The Philadelphia Association of Community Development Corporations released a report in October, finding CDCs in Philadelphia have generated $5.4 billion into the local Philadelphia economy throughout the past 28 years.
In Pennsylvania as a whole, CDCs have contributed to $9 billion in economic growth during that same time, according to the report.
“I think it shows that we’re deeply invested in trying to make sure as much of the money that we raise is spent here, hiring people in Philadelphia and Pennsylvania when we can, so that that money is recirculating in the local economy,” said Beth McConnell, policy director of the PACDC, which was formed in 1992.
The Collective Strength Report, which was conducted by Econsult Solutions, looks at the cash flow that CDC project spending injects into the local economy and its secondary effects, like job creation.
Of the total $5.4 billion generated, $3.9 billion went directly toward spending on construction and residential projects. And the remaining $1.5 billion of indirect spending was generated by the purchasing of goods and services by local residents from local vendors.
During the time the report analyzes, CDCs completed more than 2,800 construction and renovation projects in Philadelphia. The majority of these projects were residential properties, followed by commercial and mixed-use projects. Between 2007 and 2011 alone, these projects resulted in 3,300 new and rehabilitated housing units.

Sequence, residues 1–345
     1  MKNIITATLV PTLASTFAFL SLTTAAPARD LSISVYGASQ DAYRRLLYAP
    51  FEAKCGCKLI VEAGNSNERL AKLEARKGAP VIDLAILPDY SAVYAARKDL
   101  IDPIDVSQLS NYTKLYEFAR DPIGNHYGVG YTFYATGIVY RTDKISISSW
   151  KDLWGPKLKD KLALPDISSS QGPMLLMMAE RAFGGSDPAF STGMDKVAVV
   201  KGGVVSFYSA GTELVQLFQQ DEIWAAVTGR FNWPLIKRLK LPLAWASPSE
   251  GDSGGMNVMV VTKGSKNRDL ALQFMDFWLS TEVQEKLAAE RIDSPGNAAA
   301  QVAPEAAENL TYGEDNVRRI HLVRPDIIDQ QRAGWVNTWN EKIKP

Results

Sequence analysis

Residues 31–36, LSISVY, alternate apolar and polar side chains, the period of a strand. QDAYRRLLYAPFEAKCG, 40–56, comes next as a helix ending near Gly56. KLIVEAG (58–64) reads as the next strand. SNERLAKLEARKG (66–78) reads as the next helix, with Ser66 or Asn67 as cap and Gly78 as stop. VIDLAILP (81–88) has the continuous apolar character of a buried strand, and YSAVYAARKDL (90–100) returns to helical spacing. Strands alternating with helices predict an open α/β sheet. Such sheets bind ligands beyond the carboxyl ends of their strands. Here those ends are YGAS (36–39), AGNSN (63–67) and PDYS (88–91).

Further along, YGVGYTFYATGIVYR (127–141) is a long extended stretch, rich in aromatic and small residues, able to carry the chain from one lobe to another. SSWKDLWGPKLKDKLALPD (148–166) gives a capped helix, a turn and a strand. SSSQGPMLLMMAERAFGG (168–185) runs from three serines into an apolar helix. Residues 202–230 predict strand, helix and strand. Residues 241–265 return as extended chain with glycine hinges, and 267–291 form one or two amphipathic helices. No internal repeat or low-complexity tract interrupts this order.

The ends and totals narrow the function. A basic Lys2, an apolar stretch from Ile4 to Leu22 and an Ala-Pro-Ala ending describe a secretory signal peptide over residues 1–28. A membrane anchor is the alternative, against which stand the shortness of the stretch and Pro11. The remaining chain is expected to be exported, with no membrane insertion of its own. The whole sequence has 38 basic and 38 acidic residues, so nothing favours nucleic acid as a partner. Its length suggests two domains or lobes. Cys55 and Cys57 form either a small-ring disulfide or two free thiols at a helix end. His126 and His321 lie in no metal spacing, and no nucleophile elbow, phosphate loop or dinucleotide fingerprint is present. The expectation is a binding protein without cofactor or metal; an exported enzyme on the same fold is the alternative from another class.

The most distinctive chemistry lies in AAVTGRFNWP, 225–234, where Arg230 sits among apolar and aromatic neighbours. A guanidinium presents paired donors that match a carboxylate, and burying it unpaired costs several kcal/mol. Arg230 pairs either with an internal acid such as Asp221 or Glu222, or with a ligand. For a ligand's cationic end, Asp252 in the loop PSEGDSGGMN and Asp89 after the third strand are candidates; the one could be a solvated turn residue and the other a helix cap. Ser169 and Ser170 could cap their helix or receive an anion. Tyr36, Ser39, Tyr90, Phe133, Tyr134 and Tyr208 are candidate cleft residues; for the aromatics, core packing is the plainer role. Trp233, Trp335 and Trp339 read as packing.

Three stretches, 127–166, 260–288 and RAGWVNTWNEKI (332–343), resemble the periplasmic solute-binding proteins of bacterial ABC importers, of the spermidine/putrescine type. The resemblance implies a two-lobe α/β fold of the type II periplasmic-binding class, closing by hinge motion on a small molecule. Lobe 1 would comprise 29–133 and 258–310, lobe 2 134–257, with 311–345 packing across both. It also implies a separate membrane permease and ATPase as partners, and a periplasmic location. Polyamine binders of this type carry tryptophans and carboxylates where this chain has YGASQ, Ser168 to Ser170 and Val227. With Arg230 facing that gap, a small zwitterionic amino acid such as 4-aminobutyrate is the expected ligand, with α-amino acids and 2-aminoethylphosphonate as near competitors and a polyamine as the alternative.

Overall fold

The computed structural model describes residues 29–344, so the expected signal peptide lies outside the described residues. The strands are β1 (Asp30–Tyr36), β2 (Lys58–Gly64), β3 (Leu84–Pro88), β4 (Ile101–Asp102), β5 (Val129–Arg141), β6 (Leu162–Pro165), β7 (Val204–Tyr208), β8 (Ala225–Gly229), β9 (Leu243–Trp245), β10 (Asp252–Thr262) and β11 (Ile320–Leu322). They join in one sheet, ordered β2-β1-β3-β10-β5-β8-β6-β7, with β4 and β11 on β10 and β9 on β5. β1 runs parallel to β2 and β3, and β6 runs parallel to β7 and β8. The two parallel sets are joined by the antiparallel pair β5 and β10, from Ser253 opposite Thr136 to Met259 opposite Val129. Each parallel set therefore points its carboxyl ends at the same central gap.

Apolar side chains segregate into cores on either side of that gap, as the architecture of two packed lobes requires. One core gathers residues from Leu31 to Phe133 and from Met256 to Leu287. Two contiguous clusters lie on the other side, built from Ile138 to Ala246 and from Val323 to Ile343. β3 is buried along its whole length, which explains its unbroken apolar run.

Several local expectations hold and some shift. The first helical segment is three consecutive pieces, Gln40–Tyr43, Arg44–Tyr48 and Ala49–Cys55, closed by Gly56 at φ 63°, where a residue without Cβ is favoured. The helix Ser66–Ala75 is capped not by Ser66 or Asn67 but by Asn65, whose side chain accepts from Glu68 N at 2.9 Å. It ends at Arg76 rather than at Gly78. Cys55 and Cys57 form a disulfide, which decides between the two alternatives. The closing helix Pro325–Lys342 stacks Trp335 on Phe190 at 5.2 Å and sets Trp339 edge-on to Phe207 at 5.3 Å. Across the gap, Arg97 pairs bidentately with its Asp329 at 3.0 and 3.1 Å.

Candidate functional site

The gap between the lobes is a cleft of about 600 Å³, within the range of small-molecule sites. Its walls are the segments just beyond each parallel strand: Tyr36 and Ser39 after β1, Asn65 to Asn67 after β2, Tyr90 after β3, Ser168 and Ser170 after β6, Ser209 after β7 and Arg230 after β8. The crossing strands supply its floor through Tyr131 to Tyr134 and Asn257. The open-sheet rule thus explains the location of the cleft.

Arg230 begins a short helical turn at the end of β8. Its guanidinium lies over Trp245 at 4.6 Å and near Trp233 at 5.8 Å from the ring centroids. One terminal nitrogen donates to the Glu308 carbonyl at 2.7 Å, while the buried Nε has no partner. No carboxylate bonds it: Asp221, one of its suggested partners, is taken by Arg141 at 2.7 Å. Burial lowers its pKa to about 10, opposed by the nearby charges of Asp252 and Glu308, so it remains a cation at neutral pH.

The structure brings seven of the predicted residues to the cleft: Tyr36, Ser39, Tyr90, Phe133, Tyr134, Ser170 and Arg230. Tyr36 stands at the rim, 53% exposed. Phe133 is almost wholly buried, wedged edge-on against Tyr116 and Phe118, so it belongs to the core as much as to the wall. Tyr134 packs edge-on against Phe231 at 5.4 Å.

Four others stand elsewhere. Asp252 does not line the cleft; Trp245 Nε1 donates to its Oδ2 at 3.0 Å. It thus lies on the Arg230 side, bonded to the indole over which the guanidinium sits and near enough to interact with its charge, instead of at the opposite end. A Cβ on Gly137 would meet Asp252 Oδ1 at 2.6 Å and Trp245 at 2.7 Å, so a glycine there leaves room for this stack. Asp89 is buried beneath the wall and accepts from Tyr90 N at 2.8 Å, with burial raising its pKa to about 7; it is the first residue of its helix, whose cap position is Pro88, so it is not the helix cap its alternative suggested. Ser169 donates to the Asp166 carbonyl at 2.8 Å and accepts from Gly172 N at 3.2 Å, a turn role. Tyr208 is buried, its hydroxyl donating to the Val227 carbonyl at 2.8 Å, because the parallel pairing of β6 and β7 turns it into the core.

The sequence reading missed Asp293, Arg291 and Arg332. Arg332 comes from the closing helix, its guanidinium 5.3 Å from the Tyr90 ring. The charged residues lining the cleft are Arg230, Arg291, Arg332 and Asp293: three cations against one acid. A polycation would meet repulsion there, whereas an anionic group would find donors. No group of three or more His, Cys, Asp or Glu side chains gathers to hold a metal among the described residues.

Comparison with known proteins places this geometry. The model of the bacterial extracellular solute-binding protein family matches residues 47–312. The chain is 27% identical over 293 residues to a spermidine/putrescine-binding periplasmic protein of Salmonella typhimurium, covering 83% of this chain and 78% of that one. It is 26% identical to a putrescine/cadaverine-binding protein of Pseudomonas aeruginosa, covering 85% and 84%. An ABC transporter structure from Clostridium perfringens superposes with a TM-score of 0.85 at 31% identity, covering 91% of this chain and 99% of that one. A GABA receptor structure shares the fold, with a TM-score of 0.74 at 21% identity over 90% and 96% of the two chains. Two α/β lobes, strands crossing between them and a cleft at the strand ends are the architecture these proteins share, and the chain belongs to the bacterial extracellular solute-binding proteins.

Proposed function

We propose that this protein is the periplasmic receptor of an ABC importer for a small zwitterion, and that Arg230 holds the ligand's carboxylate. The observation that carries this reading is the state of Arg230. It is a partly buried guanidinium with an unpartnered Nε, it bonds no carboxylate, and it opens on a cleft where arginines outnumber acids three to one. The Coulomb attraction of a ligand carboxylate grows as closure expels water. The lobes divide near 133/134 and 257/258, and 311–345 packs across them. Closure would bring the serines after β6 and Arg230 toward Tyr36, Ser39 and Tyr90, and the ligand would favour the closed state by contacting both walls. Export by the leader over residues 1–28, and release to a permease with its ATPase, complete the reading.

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“The need for affordable housing is just tremendous,” said Majeedah Rashid, chief operating officer of Nicetown CDC.
Nicetown CDC created two affordable housing developments throughout the last decade: Nicetown Court One and Nicetown Court Two. Both developments sit on the 4300 and 4400 block of Germantown Avenue, respectively, and provide a combined 87 rental units to the North Philadelphia community.
“We still have a long waiting list for both of those developments,” Rashid added.
Similarly, HACE, which operates in the Fairhill and St. Hugh neighborhoods of the city, has developed 438 affordable rental housing units, including 250 units for senior citizens.
“Through affordable housing we are really in essence rebuilding communities,” said María N. Gonzalez, president and CEO of HACE.
“We’re tackling problems related to blight, vacant lots and vacant properties that are being repurposed to provide affordable housing for families,” she said. “And we also revitalize neighborhoods and create a neighborhood economy.”
One secondary effect of construction and renovation projects is job creation. The report found CDC investments created 12,790 full time equivalent jobs in Philadelphia.
Gonzalez saw this first-hand. With the development of HACE’s affordable housing units, 20 permanent positions were created in the community through a property management group.